NBC hopes if you build buzz, ratings will come.
For the first time in years, the network is on the receiving end of some good news: Three of its new fall shows are flying the highest on the Internet buzzmeter. According to a new study conducted by market research firm Brandimensions, the Saturday Night Live parodies Studio 60 on the Sunset Strip and 30 Rock, along with the sci-fi action show Heroes, are getting the most favorable mentions on the Web.
The study monitored blogs, fan sites, message boards, and Web sites for mentions of TV shows premiering in the upcoming fall season. The study showed that in the 2.3 million mentions of new fall shows, the Aaron Sorkin show Studio 60 was mentioned the most, with 22 percent.
In second place was Heroes, with almost 10 percent of the online mentions. NBC clocked in again at number four with Tina Fey's 30 Rock.
Studio 60 is creator Sorkin's one-hour comedy drama chronicling a fictional late-night sketch show similar to SNL. The series stars Matthew Perry, Amanda Peet, and Bradley Whitford. Originally scheduled to go up against CSI and Grey's Anatomy on Thursdays, NBC switched the show to Monday nights hoping it could dominate the time period.
"There was a greater sense in mid-May that the time slot for Studio 60 would be a detractor. Based on comments, now that's no longer the case, and NBC appears to have made an excellent move to give this show a chance. It would have been lost in the shuffle," said Brandimensions analyst Michael Coristine.
Also based on SNL is 30 Rock, a 30-minute sitcom named after 30 Rockefeller Plaza, the New York building that houses the SNL studios. The show stars head writer Fey as the head writer for a fictional sketch comedy show called The Girlie Show, presided over by network crony Alec Baldwin. Tracy Morgan portrays a comic known as Tracy Jordan.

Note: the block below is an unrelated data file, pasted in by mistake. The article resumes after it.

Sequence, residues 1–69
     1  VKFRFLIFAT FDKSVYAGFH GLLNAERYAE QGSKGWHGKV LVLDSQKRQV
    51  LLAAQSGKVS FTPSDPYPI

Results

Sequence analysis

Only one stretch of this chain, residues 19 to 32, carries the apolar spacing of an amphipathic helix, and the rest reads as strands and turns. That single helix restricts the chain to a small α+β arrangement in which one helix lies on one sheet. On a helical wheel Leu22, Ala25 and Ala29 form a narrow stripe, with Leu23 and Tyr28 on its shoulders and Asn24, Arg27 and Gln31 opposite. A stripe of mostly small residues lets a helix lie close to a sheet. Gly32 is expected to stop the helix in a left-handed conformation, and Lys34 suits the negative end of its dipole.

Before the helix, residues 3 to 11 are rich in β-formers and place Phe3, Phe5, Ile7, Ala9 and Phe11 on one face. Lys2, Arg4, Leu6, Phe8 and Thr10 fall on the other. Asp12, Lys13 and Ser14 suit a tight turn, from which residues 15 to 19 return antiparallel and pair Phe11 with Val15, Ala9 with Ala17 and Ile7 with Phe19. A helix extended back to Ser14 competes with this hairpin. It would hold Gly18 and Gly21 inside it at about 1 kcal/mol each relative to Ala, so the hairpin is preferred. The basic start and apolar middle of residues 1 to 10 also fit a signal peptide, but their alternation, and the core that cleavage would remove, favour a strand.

The superhero show Heroes tells the story of ordinary people who are given superpowers, and it's being compared to ABC's hit Lost. Each week, an animated graphic novel will be added to NBC.com to expand the story from the episode.
NBC needs a shot in the arm. The network was once home to "must-see TV" and comfortably rested at number one. In the past two years it tumbled to number four of the big four networks and pulled in only 1.9 billion in yearly advertising, down 1 billion from 2004.
Other shows that scored highly include CBS's postapocalypse drama Jericho, ABC's Six Degrees and comedy Ugly Betty, and Fox's conspiracy drama Vanished. Scoring lowest was the upcoming CW sitcom, The Game, with less than 1 percent of total mentions.
This report shows not only that the Internet can help shows gain buzz, but that market research firms will troll the vast netherworlds of the Web in search of that buzz so they can repurpose it and, hopefully, create more of it.